Status: Needs Review


sail ed from home . The sloop was commanded
by Capt. John Hammer.'

First British Discovery.

Wrangel Island was discovered in 1849 by a British
naval expedition under Capt. Kellett, who sailed close
in but did not go ashore. For a long time it was des-
cribed in maps as Kellett’s Land, and was supposed to be
a continent. When Kellett discovered this island it was
assumed to be the same sought by Baron Wrangel, who in
1825 came down the Kolyma River, which has its mouth
on the northerly coast of Siberia, and heard from the
natives that there was a great land to the north of Sib-
. He made seven sled journeys without finding that

In 1869 an American whaling captain. Long of New
Bedford, sighted Kellett’s Land, which was not shown
on his maps. But Long had heard of Baron Wrangel, his
search and failure, and he connected the island he had
sighted with Wrangel.

Long told of his discovery of the island and of his
having named it Wrangel Land in an interview for the
newspapers of his first port of call on his return, which
happened to be Honolulu, where there were a number of
papers published in the English language. His log gave
the position of the island correctly, but the discovery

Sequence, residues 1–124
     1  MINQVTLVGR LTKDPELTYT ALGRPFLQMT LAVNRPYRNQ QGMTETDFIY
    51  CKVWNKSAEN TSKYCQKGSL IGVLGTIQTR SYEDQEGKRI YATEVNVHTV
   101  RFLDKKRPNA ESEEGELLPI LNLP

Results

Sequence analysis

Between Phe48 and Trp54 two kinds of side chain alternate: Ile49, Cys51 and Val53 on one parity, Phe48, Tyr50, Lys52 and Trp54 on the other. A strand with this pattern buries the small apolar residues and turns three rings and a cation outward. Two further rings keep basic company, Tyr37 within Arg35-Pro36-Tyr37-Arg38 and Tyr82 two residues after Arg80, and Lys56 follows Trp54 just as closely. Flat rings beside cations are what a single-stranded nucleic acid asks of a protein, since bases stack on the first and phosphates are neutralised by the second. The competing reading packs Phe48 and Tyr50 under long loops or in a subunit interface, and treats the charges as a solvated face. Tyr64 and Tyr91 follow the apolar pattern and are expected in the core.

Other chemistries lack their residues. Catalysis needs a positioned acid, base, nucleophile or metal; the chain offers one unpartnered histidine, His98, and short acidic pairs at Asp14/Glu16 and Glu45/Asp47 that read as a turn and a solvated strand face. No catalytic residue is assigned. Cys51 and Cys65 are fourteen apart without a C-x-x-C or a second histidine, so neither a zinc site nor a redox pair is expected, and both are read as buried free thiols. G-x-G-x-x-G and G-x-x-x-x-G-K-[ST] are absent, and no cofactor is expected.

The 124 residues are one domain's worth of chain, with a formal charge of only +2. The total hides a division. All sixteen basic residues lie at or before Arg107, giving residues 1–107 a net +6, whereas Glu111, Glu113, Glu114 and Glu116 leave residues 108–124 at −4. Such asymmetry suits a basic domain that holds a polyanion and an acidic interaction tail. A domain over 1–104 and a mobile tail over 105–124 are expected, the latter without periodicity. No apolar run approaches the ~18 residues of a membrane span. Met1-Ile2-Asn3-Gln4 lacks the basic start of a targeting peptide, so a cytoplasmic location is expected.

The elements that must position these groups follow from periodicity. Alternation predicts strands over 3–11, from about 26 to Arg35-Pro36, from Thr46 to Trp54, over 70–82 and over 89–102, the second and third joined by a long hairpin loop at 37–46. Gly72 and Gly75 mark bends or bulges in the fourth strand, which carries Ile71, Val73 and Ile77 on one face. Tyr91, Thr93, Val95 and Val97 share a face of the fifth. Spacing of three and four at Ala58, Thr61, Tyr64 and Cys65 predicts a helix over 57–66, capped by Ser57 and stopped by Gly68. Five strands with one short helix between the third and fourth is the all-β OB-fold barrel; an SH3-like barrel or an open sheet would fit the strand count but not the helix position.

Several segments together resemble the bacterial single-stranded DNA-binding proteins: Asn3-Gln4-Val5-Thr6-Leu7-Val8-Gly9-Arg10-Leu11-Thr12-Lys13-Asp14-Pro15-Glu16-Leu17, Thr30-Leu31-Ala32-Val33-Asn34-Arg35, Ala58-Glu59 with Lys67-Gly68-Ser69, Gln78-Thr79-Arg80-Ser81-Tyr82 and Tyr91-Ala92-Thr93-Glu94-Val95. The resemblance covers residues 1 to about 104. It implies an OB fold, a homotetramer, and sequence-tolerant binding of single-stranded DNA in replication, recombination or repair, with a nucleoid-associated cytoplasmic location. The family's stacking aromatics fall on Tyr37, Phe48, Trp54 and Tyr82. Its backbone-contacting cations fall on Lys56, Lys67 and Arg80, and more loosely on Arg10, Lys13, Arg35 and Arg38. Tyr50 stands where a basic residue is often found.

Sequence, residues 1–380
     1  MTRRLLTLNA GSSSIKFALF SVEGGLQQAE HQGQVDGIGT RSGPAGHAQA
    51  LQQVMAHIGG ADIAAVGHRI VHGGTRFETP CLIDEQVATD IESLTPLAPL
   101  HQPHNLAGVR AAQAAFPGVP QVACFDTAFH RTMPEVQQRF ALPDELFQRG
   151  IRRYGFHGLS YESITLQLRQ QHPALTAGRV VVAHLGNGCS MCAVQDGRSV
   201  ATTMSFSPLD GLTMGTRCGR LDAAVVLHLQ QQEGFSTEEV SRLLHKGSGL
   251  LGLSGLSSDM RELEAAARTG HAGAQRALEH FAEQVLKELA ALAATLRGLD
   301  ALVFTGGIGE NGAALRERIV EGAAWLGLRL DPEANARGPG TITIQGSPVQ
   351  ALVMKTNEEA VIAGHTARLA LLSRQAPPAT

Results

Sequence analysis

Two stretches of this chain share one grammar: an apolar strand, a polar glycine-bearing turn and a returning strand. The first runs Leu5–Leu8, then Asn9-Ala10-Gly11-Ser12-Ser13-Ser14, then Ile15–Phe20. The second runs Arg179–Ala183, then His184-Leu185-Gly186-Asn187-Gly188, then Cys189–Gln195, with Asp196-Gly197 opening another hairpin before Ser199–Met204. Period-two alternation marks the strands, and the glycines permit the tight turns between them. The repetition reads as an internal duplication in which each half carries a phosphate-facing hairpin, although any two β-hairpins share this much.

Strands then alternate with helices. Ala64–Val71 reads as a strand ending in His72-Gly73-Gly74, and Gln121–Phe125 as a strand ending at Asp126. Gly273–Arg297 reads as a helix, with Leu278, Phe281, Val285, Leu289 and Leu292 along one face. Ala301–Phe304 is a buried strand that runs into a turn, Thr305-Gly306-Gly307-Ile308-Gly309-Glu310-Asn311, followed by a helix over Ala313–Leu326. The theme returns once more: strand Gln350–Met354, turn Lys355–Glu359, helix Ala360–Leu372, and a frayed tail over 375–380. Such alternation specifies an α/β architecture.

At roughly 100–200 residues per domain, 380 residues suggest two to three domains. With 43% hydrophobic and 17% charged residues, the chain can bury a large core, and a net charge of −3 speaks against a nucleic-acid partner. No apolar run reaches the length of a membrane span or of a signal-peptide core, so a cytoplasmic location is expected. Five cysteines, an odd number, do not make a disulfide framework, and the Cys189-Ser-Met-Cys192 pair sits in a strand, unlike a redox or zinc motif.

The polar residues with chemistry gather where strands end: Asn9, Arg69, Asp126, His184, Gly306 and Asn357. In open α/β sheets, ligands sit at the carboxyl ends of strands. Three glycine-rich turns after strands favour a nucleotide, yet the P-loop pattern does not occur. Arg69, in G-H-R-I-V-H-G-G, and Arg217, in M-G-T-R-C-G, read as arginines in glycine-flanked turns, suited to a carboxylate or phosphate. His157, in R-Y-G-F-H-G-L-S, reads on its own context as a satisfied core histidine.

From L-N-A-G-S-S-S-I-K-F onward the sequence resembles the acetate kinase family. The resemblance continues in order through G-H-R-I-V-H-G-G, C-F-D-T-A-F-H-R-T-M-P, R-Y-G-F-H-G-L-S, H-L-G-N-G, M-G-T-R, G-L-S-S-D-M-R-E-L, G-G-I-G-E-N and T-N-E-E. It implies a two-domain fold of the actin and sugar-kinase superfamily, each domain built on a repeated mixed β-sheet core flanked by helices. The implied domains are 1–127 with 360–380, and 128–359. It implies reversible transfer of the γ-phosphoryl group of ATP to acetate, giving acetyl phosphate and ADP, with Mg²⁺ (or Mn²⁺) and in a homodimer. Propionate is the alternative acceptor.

which he supposed he had made did not constitute a claim
for America.

'In 1881 several American naval ships were search-
ing for the lost expedition of Capt. de Long, sent out
by the N.Y. Herald, when two of the ships landed men.
The first was the ”Corwin,” aboard which was John Muir,
author of ”The Cruise of the Corwin.” This party went
ashore for only part of a day, but another American ship,
the ’’Rogers,” landed there a party who remained for two
or three weeks.

Their explorations would give to America the claim
to Wrangel Island if they had decided to follow it up.
But this claim lapses in 1886. The situation, subsequent
to 1886 was that both America and Great Britain had
shadowy claims.

From that time, nobody landed on Wrangel Island, so
far as I know. It was frequently sighted by American
whaling ships, but they never took occasion to land.

One ship, the ’’Karluk”, a British naval vessel,
which was the property of the Canadian government and
her men all in the employ of the navy, was wrecked just
north of Wrangel Island In 1914, when seventeen men went
ashore and stayed on Wrangel Island from Feb. to Sept.
This is the only time that the island has been occupied.

Notes and Questions

Nobody has written a note for this page yet

Please sign in to write a note for this page